Such minor flaws aside, however, this is a must-have for any Irish book lover. (1216 pages / $65 / Yale University Press)
Believe it or not, journalist and author Thomas Maier has something new to say in a book on the Kennedy family. While they have long been known as America’s most prominent Irish Catholic family, no book has focused entirely on that element of the family history. Until now.
The Kennedys: America’s Emerald Kings explores (at great length) how the immigrant experience influenced the family’s success, as well as how it would later cope with one tragedy after another. In many ways, this book reads like a metaphor for the Irish immigrant experience itself.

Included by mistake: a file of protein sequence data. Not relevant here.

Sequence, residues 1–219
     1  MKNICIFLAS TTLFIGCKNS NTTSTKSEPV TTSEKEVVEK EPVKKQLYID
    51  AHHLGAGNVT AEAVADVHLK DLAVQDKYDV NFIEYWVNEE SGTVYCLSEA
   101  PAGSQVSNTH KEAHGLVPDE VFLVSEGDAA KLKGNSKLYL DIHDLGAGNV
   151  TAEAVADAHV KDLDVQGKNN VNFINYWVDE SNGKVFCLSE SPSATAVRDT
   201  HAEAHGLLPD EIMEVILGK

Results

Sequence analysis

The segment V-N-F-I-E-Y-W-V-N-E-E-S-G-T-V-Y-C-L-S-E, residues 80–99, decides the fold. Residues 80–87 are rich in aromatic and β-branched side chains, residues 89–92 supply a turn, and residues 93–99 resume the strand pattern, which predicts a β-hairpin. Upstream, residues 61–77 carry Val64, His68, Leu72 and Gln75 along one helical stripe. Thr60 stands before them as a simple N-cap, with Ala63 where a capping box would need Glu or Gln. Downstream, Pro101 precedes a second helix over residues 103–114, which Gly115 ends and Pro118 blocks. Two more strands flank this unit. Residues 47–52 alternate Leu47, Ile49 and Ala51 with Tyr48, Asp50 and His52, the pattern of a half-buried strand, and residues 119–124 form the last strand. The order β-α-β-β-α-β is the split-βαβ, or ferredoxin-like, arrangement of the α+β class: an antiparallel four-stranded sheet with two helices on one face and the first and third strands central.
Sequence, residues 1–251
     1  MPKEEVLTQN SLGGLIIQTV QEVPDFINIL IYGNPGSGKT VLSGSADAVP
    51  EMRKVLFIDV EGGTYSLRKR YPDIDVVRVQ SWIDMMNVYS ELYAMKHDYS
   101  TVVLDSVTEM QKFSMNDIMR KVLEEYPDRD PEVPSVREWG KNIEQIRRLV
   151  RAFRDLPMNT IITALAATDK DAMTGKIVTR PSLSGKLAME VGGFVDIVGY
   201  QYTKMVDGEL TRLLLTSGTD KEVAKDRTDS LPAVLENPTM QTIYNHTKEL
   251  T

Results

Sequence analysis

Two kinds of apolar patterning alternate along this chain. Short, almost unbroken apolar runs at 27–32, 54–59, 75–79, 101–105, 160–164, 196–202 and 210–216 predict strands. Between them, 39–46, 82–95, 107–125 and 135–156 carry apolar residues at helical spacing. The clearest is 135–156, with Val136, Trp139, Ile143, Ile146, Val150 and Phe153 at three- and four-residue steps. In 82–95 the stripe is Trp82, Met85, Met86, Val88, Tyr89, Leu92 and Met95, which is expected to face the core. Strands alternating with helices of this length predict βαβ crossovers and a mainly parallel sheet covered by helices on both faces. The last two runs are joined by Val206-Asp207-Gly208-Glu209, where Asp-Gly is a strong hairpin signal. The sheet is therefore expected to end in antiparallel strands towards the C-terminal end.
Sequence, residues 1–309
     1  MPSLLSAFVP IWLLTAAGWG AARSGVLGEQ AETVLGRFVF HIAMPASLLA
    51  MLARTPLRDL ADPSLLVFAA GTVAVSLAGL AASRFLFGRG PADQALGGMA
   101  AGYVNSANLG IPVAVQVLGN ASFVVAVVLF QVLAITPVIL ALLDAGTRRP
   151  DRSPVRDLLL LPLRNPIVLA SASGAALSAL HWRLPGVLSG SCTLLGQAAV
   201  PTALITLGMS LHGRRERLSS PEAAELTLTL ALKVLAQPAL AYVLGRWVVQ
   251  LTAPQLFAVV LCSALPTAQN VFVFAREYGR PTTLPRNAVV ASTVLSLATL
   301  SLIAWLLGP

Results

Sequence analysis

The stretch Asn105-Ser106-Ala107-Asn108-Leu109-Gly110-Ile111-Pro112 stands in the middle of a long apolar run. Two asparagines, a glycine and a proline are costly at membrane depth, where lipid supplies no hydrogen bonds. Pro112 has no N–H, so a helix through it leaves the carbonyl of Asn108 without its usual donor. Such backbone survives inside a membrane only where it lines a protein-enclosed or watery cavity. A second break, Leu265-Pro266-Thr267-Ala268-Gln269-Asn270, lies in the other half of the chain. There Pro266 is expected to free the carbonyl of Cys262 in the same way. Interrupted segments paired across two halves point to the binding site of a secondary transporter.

Maier did lots of research in Ireland, and it pays off in the early sections on Patrick Kennedy’s 1848 trip from Ireland to Brahmin Boston. Inevitably, much of this material is familiar. But the passages on Joe Kennedy’s decision not to run for office because he feared America’s anti-Catholic bias is eye-opening.
Ultimately, Maier (a staff reporter at New York Newsday and author of Dr. Spock: An American Life) never comes off as one of those authors who is exploiting the Kennedy family. There is a fascinating, five-generation story to tell here, and Maier does it well. ($27.50 / 600 pages / Basic Books)
You’ve seen many of Neil Jordan’s films, from 1985’s Mona Lisa right up to 2003’s The Good Thief. Now authors Emer and Kevin Rockett offer a valuable look back at the director’s diverse body of work in Neil Jordan: Exploring Boundaries.